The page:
In one of my recent blogs I talked about a few cities that had broadband penetration north of 90%, meaning that most households in those cities have broadband. I’ve run across three such cities this year. But there are also cities with a very different story. I saw a recent article about Syracuse, New York that claimed that 66% of the homes in the city have a landline broadband connection and only a little more than half of households have a connection that meets the FCC definition of broadband at 25/3 Mbps.
It’s easy to look at the national average broadband penetration rate of 84% and think that most people in cities across the country have broadband. This is particularly true when you adjust that national average to remove the millions of rural households that still have no landline broadband option, which adjusts the national average to over 90%.
We’ve always known that there is a correlation between income and broadband subscription rates – in fact, the basic definition of the urban digital divide is households that can’t afford broadband. We also know that in every larger city that the broadband penetration rates are not uniform but are lower in poorer neighborhoods.
I am concerned that the urban digital divide is going to get worse. Most industry analysts believe that we’ll see significant increases in broadband prices over the next decade. The big cable companies have little choice but to raise broadband rates if they want to maintain the steady bottom line revenue growth expected by Wall Street. This means that’s it’s likely over time that broadband penetration rates in cities are going to drop even lower.
Cities badly want to find a solution to the digital divide that is so heavily impacting low-income neighborhoods. They know there are huge negative impacts on households without broadband. There have been several recent studies showing that school students without home broadband lag behind students with broadband, and they never close the gap. Having whole neighborhoods that can’t afford broadband will be condemning whole generations of underperforming students, helping to perpetuate the cycle of poverty.
Syracuse is considering a solution that would bring some broadband to the neighborhoods that most need it. The city has a plan to buy 18,000 streetlights that would include outdoor WiFi hotspots. These WiFi units can produce decent broadband outdoors, but the strength of WiFi signals decrease significantly when passing through the exterior walls of buildings. While any broadband is better than nothing, outdoor WiFi units are not going to provide the same quality of broadband as a landline connection. Such efforts will likely be welcomed by residents without broadband, but this is still second-rate broadband compared to that given to households that can afford to buy broadband from the incumbent ISPs.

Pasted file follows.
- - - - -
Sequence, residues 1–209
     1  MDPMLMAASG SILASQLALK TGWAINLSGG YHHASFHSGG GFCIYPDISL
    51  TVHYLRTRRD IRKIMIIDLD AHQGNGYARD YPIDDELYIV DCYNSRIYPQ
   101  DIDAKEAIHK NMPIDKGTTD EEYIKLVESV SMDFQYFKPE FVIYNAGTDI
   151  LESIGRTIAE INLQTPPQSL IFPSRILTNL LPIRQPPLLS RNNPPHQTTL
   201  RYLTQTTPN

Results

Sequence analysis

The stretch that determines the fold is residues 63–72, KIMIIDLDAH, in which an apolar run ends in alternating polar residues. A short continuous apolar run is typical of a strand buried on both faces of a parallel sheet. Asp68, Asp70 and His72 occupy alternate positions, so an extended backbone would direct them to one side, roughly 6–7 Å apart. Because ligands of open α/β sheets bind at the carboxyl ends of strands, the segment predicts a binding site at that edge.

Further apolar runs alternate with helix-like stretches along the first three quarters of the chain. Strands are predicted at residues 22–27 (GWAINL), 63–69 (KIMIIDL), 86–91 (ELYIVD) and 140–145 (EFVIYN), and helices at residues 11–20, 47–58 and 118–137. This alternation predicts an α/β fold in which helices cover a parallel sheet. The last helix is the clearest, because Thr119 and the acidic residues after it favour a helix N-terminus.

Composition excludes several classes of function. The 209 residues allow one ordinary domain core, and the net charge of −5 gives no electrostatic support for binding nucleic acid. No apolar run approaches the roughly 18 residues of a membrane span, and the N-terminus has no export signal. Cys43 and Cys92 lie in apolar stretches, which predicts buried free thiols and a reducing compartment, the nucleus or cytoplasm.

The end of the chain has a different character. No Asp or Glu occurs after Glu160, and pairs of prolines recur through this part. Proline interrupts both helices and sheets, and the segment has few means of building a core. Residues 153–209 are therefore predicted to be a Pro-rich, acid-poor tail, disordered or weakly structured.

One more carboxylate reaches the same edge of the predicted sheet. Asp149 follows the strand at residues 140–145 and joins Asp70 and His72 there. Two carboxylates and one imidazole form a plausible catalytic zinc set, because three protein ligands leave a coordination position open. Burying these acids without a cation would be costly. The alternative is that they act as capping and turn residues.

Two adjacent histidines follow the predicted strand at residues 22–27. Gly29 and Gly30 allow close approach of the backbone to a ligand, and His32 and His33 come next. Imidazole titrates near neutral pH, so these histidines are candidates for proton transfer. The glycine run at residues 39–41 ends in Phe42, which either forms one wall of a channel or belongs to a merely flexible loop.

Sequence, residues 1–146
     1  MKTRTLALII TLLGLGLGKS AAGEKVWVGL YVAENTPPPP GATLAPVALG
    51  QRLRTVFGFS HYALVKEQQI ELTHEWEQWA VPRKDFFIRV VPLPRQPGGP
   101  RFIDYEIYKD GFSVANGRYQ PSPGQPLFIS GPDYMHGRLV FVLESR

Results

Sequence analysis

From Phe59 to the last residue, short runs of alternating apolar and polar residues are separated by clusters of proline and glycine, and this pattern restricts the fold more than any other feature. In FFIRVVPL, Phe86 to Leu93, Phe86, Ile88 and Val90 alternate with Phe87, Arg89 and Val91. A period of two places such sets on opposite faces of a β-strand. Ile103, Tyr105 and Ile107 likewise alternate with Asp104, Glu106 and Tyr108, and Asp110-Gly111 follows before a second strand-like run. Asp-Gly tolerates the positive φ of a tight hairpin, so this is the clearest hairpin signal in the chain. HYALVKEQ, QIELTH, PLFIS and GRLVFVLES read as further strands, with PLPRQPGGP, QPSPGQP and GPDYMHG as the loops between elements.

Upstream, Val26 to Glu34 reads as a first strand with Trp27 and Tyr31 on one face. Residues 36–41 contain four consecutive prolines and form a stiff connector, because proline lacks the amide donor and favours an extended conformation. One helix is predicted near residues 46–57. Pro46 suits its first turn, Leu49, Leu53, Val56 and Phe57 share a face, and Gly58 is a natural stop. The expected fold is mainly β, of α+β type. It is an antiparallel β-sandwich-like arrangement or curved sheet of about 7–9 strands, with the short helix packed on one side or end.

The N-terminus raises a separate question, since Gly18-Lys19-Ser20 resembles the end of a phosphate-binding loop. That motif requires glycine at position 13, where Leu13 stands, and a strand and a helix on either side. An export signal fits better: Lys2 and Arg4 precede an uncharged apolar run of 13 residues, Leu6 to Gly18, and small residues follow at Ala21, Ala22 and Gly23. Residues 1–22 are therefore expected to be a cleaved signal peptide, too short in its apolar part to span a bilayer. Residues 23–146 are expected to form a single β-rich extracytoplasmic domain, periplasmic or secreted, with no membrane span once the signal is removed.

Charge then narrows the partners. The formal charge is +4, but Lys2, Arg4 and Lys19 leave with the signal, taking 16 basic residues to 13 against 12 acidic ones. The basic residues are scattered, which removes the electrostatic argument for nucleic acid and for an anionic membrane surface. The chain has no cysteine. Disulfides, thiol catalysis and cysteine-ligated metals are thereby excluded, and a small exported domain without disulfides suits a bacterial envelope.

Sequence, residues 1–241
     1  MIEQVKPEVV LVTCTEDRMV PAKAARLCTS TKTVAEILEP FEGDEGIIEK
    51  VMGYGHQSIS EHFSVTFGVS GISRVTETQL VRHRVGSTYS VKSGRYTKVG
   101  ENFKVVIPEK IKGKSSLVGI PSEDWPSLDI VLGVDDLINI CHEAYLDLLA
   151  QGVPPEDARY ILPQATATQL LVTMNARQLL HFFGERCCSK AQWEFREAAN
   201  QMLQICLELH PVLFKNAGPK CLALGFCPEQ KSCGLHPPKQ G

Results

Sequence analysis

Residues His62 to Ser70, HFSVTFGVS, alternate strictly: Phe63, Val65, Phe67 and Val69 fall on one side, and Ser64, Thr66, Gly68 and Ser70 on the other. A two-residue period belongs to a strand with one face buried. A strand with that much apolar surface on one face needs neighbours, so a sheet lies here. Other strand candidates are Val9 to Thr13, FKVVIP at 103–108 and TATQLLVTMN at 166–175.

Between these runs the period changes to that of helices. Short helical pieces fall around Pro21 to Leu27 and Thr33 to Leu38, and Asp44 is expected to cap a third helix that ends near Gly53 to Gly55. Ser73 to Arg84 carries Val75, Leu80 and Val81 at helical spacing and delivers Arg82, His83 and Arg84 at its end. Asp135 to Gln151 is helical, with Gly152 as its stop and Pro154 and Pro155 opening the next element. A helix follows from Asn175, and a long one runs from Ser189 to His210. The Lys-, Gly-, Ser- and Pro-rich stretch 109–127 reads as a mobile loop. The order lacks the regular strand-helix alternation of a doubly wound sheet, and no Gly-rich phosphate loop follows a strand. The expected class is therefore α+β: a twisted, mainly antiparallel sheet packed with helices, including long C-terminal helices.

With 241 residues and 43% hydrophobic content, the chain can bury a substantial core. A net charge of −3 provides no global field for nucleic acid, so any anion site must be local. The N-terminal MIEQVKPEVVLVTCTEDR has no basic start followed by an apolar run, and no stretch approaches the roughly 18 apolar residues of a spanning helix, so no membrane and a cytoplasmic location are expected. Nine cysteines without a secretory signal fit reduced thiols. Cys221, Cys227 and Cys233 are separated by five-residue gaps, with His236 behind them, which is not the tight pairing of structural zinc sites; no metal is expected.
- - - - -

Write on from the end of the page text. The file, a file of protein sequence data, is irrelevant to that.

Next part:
The dilemma for cities is that there is no easy solution to the digital divide. For Syracuse, the problem is mostly affordability and not access. Most of the homes without broadband probably have the option to buy from the incumbent providers. I say most because there are still poor neighborhoods present in almost every city that don’t have the same broadband infrastructure as the rest of the city. I’ve seen estimates that there are nearly as many residences in cities with no broadband option as are rural homes without broadband. It’s hard to know for sure because the areas without broadband are comprised of an apartment building here and a dead-end street there rather than big neighborhoods without broadband.
Cities often consider building their own broadband network as a solution to the digital divide. I undertake numerous broadband feasibility studies every year, and almost every city I’ve ever worked for has universal access to fiber as one of their primary goals. However, building fiber or any broadband infrastructure is expensive, and it’s usually hard to justify the cost of providing free or low-cost broadband to low-income homes. It’s challenging in a competitive environment to make enough profit from normal broadband customers to subsidize low-income homes.
We’ve been talking about the digital divide since the late 1990s when we saw the introduction of DSL and cable modems. In my mind, the problem is far worse today than it was then since broadband has grown to become a necessity of the same magnitude as having electric or water in a home. Unfortunately, I think the urban digital divide will be growing as broadband prices climb year after year.